How to Reference a Song in a Book
When writing, it can be difficult to remember how to properly reference something, like a TV show or website. In addition, many people also have difficulty properly citing their sources, especially if it's an unusual source, such as a song. Making reference to a song in a book you're writing is easy as easy as putting the song title in quotation marks and citing the song in your references using MLA format.
Put the song title in quotation marks. Follow up the song title with "by" and then the name of the artist (i.e. "Born This Way" by Lady Gaga). If you're making a reference to the name of an album, type the name of the album in italics or underline it if you are writing by hand.
Cite the song at the end of your book as a reference in Modern Language Association (MLA) format, which is the standard format used in English studies and book publishing. To do this, make an alphabetical list at the end of your book called "References."
Start with the last name of the artist followed by a comma, then the artists first name followed by a period, and then the title of the song and a period in quotation marks. Next type the name of the album in which the song first appeared in italics (or underlined, if handwritten), followed by a period. Then write the name of the production company that produced the album followed by a comma and the year the album was released followed by a period. Lastly, indicate what form of music the song was on (CD, audiocassette, record, etc.) followed by a period (i.e. Morissette, Alanis. "Head Over Feet." Jagged Little Pill. Maverick, 1995. CD.).
Put song lyrics in quotation marks just like you would with any other dialogue if a character in your book is singing a song. For instance, if a character named Harry is singing the national anthem of the United States, you would write something like:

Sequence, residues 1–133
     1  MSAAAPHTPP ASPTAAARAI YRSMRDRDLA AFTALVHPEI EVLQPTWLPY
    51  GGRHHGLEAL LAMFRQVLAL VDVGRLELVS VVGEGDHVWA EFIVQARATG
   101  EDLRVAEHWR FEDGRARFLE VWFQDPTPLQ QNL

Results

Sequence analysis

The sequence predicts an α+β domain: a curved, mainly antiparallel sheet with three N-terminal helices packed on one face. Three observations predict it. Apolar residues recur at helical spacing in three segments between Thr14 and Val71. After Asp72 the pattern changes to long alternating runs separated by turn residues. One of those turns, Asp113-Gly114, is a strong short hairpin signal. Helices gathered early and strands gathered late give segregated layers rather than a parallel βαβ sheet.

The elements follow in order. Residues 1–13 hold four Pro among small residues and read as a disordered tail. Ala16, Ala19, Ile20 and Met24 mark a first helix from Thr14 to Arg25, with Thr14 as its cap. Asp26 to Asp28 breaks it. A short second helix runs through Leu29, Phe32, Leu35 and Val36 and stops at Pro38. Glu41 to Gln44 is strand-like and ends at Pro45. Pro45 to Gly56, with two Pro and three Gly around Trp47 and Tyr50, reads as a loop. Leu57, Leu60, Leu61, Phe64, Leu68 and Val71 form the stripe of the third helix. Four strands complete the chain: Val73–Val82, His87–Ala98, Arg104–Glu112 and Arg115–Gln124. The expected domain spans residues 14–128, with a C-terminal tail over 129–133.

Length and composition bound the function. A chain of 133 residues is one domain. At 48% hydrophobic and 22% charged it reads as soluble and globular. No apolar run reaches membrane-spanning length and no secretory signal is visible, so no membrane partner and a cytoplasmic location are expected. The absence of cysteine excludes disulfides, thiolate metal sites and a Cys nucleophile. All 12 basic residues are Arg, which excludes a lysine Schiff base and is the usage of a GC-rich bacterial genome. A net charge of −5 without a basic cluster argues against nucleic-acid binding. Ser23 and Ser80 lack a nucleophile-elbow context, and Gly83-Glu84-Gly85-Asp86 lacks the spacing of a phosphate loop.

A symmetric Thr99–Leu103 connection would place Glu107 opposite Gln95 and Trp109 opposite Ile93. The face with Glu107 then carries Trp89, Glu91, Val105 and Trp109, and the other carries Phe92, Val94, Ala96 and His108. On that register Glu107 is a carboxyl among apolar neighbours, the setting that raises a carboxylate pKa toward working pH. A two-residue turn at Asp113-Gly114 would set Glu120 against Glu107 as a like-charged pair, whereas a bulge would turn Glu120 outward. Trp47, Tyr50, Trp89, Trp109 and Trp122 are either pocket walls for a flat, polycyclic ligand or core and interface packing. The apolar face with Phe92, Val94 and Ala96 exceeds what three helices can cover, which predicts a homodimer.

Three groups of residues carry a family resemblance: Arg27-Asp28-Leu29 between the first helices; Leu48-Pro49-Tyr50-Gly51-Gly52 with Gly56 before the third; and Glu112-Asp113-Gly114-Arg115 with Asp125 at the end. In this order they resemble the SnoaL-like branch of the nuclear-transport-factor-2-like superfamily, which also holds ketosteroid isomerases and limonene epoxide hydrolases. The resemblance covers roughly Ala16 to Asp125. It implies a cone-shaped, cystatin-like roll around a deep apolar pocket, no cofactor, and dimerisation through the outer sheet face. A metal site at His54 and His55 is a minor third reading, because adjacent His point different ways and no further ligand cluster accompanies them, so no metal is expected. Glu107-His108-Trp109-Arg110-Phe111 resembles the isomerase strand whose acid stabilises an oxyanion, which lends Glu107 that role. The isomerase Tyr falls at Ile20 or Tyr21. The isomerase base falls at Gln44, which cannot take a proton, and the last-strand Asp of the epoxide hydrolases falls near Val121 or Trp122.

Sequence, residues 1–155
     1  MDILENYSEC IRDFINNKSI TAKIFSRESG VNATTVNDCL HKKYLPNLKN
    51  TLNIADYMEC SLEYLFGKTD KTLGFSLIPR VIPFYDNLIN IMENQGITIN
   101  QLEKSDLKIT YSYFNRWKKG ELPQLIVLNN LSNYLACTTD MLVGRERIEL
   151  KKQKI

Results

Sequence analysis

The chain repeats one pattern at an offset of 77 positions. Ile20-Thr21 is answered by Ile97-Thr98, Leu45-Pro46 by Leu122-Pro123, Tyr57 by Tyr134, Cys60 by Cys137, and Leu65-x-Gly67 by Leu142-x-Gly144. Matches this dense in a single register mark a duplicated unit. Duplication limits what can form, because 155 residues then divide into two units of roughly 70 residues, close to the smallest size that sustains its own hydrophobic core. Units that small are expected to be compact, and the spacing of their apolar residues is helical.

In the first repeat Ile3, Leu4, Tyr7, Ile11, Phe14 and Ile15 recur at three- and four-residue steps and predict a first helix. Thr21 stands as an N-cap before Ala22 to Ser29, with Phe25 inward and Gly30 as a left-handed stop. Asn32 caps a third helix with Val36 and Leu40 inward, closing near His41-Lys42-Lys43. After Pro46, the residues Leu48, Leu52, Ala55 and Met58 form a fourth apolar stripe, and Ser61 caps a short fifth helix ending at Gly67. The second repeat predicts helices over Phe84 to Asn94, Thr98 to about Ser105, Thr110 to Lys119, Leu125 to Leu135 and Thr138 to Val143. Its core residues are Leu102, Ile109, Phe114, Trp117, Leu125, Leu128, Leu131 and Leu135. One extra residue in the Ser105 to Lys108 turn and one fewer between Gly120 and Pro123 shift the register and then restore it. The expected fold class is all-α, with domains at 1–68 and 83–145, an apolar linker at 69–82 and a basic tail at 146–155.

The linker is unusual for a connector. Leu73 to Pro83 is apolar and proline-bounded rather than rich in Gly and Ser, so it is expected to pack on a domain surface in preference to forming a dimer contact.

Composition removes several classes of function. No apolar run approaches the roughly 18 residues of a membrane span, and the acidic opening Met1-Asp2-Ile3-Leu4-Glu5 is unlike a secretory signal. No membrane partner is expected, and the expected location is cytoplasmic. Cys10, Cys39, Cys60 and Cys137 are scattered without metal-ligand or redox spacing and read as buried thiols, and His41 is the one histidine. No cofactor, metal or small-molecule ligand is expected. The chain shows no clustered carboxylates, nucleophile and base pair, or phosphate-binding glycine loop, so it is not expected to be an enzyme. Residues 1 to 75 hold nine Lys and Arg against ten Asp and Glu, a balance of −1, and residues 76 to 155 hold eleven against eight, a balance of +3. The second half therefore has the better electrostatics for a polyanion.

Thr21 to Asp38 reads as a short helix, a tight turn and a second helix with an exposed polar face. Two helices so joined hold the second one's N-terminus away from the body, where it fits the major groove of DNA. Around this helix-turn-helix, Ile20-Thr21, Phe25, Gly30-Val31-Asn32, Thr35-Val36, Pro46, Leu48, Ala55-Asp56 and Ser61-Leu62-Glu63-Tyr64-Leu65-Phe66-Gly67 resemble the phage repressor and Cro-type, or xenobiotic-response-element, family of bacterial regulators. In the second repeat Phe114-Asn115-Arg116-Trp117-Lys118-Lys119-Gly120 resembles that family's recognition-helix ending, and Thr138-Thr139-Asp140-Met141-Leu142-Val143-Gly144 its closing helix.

Then Harry began to sing "The Star-Spangled Banner" to everyone in the crowd.
"Oh say can you see, by the dawn's early light," Harry sang.
Song lyrics are copyrighted and thus cannot be printed in a book without consent from -- and usually payment to -- the copyright holder. Some songs (as well as other published works) fall into the public domain many years after the copyright holder's death, meaning that anyone can use or reference the copyrighted works without having to get consent or payment. To determine if the song lyrics you want to use are in the public domain, visit Cornell University's website devoted to copyrightand public domain. If the lyrics you want to use are still under copyright, attempt to contact the copywrite holder of the song you want to use to get their consent if you feel the lyrics are an essential part of your story. If they're not, it may be easier and equally effective to simply mention the title and artist of the song.
Dan Richter began freelance writing in 2006. His work has appeared in a variety of publications, including the "Wausau Daily Herald," "Stevens Point Journal," "Central Wisconsin Business Magazine" and the "Iowa City Press-Citizen." Richter graduated from the University of Wisconsin-Stevens Point in 2009 with a Bachelor of Arts in communication and media studies.